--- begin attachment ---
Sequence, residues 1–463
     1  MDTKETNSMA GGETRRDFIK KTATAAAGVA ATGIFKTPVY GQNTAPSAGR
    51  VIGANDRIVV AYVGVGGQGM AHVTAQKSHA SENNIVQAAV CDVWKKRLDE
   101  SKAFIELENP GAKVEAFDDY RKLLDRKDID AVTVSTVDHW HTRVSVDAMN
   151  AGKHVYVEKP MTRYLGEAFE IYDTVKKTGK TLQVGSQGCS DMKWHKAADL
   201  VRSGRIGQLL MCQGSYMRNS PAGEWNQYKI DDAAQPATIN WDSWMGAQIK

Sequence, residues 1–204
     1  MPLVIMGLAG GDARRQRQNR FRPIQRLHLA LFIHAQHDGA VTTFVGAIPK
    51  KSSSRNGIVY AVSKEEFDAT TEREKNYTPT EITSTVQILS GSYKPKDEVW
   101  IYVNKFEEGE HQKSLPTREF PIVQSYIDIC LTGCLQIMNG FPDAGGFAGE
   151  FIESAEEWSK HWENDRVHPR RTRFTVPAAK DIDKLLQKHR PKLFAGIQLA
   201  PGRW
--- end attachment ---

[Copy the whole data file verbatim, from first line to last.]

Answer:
Sequence, residues 1–463
     1  MDTKETNSMA GGETRRDFIK KTATAAAGVA ATGIFKTPVY GQNTAPSAGR
    51  VIGANDRIVV AYVGVGGQGM AHVTAQKSHA SENNIVQAAV CDVWKKRLDE
   101  SKAFIELENP GAKVEAFDDY RKLLDRKDID AVTVSTVDHW HTRVSVDAMN
   151  AGKHVYVEKP MTRYLGEAFE IYDTVKKTGK TLQVGSQGCS DMKWHKAADL
   201  VRSGRIGQLL MCQGSYMRNS PAGEWNQYKI DDAAQPATIN WDSWMGAQIK

Sequence, residues 1–204
     1  MPLVIMGLAG GDARRQRQNR FRPIQRLHLA LFIHAQHDGA VTTFVGAIPK
    51  KSSSRNGIVY AVSKEEFDAT TEREKNYTPT EITSTVQILS GSYKPKDEVW
   101  IYVNKFEEGE HQKSLPTREF PIVQSYIDIC LTGCLQIMNG FPDAGGFAGE
   151  FIESAEEWSK HWENDRVHPR RTRFTVPAAK DIDKLLQKHR PKLFAGIQLA
   201  PGRW